# Efficiency of heat engines

I have been taught that the an engine running on the Carnot's cycle has the maximum energy among the maximum efficiency, however I never found a convincing proof for it. Wherever I have put this question up, everyone just said pit it up against any engine and it will come out with a higher efficiency.

I would like to know if there is any way to prove mathematically that the Carnot's cycle has the maximum efficiency among any cycle?

Also, I have the belief that the second law of thermodynamics is a consequence of the fact that the Carnot's cycle has the maximum efficiency among any cycle. Because the Carnot's cycle has come before the second law of thermodynamics, I suppose that the former points to the latter. Is it actually true that the second law of thermodynamics comes from Carnot's theorem, and is it possible to prove that a Carnot's cycle would have the maximum efficiency for a particular amount of heat given in?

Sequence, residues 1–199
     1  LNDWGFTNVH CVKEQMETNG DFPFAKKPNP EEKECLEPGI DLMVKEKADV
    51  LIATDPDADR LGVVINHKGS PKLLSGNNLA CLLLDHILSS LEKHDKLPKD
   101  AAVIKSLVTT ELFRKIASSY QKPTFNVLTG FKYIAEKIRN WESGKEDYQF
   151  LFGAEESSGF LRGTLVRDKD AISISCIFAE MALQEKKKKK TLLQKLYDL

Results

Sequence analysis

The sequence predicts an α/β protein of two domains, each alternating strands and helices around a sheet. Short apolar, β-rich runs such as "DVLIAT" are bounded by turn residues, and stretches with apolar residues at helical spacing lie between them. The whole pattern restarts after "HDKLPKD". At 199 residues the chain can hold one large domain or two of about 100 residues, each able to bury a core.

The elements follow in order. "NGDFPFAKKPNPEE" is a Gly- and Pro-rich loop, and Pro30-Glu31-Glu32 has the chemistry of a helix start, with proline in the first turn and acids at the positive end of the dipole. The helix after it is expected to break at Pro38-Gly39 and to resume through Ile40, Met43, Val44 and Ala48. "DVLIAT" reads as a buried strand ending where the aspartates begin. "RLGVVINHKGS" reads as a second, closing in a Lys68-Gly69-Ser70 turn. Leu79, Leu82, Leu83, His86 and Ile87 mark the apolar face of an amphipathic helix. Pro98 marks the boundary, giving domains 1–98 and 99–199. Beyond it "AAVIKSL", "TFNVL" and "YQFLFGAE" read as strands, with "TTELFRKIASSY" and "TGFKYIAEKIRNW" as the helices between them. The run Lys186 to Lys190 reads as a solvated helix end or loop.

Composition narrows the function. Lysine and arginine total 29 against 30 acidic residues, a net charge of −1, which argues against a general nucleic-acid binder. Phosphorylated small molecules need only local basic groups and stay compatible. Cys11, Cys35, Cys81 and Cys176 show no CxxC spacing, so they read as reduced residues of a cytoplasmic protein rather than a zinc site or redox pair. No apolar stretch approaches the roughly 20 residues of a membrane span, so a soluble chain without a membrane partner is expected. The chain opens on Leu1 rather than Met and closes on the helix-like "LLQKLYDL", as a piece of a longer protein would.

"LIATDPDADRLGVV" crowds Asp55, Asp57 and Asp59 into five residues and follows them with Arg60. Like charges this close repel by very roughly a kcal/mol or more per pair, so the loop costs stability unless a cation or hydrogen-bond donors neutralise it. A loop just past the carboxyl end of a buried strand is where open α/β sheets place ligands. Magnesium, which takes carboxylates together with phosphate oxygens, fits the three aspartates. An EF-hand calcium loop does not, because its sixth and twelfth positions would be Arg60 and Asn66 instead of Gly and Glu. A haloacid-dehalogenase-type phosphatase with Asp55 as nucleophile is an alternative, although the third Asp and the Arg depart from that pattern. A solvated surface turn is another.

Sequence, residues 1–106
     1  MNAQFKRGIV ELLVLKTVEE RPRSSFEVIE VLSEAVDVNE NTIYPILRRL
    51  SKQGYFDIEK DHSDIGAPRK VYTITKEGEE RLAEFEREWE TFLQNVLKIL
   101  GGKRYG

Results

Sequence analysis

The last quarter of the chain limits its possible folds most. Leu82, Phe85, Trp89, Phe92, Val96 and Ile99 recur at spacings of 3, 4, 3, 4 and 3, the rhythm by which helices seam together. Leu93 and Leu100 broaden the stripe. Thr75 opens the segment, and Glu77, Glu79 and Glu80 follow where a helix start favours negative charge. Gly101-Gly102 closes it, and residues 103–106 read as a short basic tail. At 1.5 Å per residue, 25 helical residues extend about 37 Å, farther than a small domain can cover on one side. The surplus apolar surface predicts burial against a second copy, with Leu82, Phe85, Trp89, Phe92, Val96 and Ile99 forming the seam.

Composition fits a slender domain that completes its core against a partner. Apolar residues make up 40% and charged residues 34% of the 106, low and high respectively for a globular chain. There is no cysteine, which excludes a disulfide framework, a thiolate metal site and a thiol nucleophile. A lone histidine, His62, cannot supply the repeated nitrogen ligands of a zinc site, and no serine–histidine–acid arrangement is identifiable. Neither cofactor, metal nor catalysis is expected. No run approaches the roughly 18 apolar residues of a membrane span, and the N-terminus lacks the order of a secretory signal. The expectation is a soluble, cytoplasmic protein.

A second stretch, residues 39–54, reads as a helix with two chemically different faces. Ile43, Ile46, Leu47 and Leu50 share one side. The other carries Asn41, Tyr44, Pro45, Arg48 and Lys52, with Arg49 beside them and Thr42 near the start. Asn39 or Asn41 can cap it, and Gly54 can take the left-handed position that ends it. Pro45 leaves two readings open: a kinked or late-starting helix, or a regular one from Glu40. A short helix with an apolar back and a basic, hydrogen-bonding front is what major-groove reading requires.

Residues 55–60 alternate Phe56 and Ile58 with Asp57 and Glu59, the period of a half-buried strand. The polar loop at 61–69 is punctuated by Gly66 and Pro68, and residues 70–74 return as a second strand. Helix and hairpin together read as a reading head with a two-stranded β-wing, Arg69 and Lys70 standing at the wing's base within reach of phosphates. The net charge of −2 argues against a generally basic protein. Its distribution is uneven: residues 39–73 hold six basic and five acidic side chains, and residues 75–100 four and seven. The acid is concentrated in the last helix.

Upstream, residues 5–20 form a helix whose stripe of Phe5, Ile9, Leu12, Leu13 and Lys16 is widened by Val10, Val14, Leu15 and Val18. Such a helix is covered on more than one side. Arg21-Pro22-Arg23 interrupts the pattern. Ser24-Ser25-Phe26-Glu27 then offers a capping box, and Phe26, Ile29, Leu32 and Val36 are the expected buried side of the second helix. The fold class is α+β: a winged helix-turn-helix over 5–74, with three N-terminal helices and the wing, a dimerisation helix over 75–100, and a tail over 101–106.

• What do you mean by maximum energy. – Bob D Nov 24 '19 at 14:16
• Sorry it's efficiency – Sandeep Kumar Dash Nov 24 '19 at 15:58
• OK, then see my answer – Bob D Nov 24 '19 at 16:08
• It if I remember the definition of entropy comes from the fact that Carnot's cycle has the highest entropy. – Sandeep Kumar Dash Nov 24 '19 at 16:19
• The Carnot cycle is a reversible cycle in which zero entropy is generated. Not sure where you got the idea of it having the "highest entropy". – Bob D Nov 24 '19 at 16:34